native species, such as the rainbow darter
                                                                                                          (below).




Completed and in-progress Fish Passage Program projects in Region 3 (1999-2006). Projects include
                                                                                                          -Ohio Department of Natural Resources
culvert renovations, dam removals, installations of fish passage structures or natural by-passes, and
stream grade control structures modifications.
                                           Region 3 - Fish Passage Program
Accomplishments

Since 1999, the Service has initi-
ated 56 projects in Region 3,
representing an investment of
$1,918,971 in Fish Passage Pro-
gram funds and $6,109,010 in
matching partner support. These
projects have involved culvert
renovations, dam removals, instal-                Before Fish Passage Improvement                        During Fish Passage Improvement
lation of fish passage structures or          Removal of a dam and construction of step pools on the Pike River in Wisconsin reconnected 25
natural by-passes, modification of            miles of habitat for salmonids and native warm water fish.
stream grade control structures,
and barrier inventory/assessments.
To date, 83 barriers have been
removed and 646 stream miles
reconnected; while projects cur-
rently in progress will remove 17
barriers and reconnect an addi-
tional 161 stream miles.

These projects have contributed to            Installation of this step-pool fishway structure at Grand Portage Creek in Minnesota reconnected 3.5
restoring the natural flow regime             miles of spawning and nursery habitat for coaster brook trout.
in Midwest rivers and streams and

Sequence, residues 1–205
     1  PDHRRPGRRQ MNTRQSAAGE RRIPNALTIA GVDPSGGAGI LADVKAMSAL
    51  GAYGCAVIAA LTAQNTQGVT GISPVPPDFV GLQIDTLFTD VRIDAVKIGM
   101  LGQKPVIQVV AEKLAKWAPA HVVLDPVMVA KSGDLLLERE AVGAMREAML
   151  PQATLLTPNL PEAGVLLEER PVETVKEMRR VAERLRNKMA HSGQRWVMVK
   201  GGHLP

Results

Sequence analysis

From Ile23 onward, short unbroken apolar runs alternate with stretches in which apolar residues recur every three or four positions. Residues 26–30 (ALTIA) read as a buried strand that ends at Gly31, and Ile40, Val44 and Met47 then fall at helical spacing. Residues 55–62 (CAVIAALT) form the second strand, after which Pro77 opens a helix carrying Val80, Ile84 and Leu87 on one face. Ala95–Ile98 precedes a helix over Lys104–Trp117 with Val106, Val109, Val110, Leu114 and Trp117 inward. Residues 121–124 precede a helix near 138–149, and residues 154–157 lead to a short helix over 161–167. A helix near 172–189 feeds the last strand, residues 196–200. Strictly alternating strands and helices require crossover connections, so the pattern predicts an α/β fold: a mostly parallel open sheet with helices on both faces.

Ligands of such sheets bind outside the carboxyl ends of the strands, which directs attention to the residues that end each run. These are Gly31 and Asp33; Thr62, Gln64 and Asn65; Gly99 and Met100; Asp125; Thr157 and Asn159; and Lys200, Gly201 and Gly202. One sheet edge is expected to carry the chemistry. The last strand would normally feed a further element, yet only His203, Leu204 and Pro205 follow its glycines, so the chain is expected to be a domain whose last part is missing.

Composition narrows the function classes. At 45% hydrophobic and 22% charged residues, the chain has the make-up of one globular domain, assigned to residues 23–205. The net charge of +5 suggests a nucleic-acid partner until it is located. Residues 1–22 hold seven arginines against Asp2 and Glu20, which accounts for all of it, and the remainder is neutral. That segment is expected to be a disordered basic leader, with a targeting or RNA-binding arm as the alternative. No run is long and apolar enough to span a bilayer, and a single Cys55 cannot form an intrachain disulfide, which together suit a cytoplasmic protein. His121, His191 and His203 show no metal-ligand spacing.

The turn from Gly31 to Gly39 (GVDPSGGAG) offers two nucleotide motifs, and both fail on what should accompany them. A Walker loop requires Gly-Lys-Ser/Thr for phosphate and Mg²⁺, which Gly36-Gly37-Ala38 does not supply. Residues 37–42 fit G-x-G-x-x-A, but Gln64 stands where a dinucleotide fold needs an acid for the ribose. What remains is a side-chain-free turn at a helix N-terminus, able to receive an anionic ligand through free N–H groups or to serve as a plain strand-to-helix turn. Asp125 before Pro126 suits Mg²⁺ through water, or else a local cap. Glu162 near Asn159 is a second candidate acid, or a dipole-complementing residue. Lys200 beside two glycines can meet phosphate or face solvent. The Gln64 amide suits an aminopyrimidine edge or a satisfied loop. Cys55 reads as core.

have benefited aquatic organisms
by making additional habitat avail-
able for spawning, rearing and
feeding. Many projects have also
reduced sediment runoff and in-
stream water temperatures. In
addition to resource benefits, some
projects have improved recre-
ational fishing opportunities and             This culvert replacement at Mingo National Wildlife Refuge in Missouri reconnected 2.5 miles of
improved public safety by removing            stream habitat and approximately 1,500 acres of wetland habitat to benefit various species of gar,
unsafe dams.                                  bass, sunfish, and darters.
                                              -USFWS photos

                      To date, 83 barriers have been removed and 646 stream miles recon-
                     nected; while projects currently in progress will remove 17 barriers and
                                    reconnect an additional 161 stream miles.

                     Table
             Summary Table of USFWS Region 3 Fish Passage Program Accomplishments 1999 - 2006
                                  # of          # of         Fish Passage       Parner Matching           Total
                         # of   Barriers    Stream Miles       Program             Funds and             Project       Numer of
                       Projects Removed     Reconnected        Funding          In-Kind Support           Costs        Partners

           Iowa           3       9           72.1          $118,727            $255,000              $373,727            7
           Illinois       2       4           79            $128,576            $818,442              $947,018            27
           Michigan       22      22          137.6         $647,900            $1,463,730            $2,111,630          39
           Minnesota      7       7           292           $339,000            $2,413,000            $2,752,000          14
           Missouri       5       4           42.5          $213,010            $349,690              $562,700            12
           Ohio           2       2           32            $131,900            $112,900              $244,800            8
           Wisconsin      15      52          151.8         $339,858            $696,248              $1,036,106          30